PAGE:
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Salvation Army’s drug and alcohol strategy takes centre stage

Our pioneering work in tackling substance abuse in communities across Scotland is today taking centre stage at the country's largest third-sector event this week.

We are hosting a seminar at The Gathering in Glasgow’s SECC to talk about the progress of our Scotland Drug and Alcohol Strategy - a five-year plan to tackle the social and health effects on families and on the fabric of society in Scotland.

As a leading provider of services to support men and women in recovery, we invested £250,000 in 2013 to fund the first phase of our Scotland Drug and Alcohol Strategy. This has seen experienced drug and alcohol workers positioned in three key towns around the central belt of Scotland – Greenock, Stirling and Falkirk.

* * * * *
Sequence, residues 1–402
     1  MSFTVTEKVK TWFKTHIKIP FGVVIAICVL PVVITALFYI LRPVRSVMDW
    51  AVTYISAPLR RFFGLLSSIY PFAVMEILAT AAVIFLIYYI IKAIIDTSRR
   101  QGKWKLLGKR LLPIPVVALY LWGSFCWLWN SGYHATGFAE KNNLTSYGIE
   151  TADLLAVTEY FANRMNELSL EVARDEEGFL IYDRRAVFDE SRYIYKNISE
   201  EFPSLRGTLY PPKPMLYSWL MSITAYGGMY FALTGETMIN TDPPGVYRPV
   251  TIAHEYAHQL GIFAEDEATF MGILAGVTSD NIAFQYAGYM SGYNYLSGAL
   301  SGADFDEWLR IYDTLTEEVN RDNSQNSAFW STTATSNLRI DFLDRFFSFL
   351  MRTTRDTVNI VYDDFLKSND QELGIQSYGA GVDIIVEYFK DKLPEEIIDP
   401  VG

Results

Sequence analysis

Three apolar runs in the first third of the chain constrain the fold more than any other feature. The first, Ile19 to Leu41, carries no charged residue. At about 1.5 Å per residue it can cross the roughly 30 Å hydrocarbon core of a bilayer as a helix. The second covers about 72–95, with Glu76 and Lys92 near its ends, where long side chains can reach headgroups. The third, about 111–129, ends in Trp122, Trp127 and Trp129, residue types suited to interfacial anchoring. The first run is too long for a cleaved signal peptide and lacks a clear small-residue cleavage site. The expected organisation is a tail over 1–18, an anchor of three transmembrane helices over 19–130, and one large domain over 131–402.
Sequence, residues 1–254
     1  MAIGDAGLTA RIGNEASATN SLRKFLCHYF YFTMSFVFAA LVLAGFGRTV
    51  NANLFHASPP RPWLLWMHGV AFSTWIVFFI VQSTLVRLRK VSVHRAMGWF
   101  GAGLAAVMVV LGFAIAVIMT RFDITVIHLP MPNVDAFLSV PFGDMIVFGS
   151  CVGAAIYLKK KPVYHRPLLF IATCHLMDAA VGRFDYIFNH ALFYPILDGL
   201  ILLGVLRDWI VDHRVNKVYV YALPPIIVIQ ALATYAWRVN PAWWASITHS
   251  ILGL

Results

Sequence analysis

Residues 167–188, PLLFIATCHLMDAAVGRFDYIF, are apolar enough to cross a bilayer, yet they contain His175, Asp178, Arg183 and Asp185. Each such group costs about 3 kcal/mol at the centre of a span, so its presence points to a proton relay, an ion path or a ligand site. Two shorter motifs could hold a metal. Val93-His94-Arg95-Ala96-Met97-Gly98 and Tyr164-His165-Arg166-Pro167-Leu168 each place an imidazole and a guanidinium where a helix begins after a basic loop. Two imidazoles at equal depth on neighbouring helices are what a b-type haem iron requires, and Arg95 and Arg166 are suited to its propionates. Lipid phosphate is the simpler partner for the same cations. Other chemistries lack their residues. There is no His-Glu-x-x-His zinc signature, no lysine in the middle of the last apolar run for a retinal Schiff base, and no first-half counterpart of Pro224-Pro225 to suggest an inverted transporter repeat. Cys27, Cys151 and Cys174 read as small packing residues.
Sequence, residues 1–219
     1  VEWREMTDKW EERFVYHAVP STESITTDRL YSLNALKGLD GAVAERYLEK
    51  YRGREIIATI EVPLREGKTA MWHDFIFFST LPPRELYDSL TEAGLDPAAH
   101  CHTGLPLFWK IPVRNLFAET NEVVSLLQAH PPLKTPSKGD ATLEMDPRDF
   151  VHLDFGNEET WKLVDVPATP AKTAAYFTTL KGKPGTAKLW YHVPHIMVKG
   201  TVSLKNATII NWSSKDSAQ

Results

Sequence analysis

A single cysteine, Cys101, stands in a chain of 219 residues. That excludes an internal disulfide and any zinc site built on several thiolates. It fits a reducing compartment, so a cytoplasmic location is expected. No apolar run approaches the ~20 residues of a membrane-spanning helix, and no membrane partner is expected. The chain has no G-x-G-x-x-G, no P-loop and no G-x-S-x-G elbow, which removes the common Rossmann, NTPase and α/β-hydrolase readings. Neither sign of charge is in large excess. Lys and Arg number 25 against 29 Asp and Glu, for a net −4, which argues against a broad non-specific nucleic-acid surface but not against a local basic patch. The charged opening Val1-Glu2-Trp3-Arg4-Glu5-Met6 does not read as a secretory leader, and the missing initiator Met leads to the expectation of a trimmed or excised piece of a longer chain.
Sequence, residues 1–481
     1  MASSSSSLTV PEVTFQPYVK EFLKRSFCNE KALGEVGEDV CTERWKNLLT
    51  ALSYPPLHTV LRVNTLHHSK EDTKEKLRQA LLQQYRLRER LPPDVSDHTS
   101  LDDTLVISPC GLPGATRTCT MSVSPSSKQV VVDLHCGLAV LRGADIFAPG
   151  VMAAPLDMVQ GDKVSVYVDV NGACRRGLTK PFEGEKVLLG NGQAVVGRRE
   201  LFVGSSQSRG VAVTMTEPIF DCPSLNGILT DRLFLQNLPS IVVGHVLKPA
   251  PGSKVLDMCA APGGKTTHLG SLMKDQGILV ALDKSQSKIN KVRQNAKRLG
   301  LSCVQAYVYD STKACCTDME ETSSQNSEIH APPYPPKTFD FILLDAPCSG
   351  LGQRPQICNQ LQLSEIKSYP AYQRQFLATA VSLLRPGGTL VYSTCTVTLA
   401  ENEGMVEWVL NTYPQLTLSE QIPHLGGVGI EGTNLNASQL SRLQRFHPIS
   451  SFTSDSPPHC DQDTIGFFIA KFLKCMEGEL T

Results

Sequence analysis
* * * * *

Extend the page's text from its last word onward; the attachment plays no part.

Phase two involved the appointment of a drug and alcohol worker in Aberdeen.

We're now about to enter phase three of the strategy and are in discussions with the University of Stirling on the development of a centre of excellence at the university – which would see a hub created for research and development on the causes and effects of cognitive impairment due to drug and alcohol abuse.

Lieutenant Colonel Jonathan Roberts, our assistant to Secretary for Scotland, said: “Our Drug and Alcohol Strategy underlines the commitment we have to communities around Scotland. 

“The Salvation Army is an expert in providing evidence-based social programmes to help transform people’s lives. 

“We are concerned about the social and health effects alcohol is having on families and on the fabric of society in Scotland. For our Drug and Alcohol Strategy we’re using elements of a system known as the Community Reinforcement Approach (CRA), which is a holistic method that uses the community to encourage people to change their drinking habits or drug use.”